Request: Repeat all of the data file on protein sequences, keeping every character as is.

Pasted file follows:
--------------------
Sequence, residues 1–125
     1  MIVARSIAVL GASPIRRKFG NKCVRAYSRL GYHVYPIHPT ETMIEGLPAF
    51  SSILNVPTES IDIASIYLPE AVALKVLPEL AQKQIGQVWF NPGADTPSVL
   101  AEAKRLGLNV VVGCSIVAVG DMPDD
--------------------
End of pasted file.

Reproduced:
Sequence, residues 1–125
     1  MIVARSIAVL GASPIRRKFG NKCVRAYSRL GYHVYPIHPT ETMIEGLPAF
    51  SSILNVPTES IDIASIYLPE AVALKVLPEL AQKQIGQVWF NPGADTPSVL
   101  AEAKRLGLNV VVGCSIVAVG DMPDD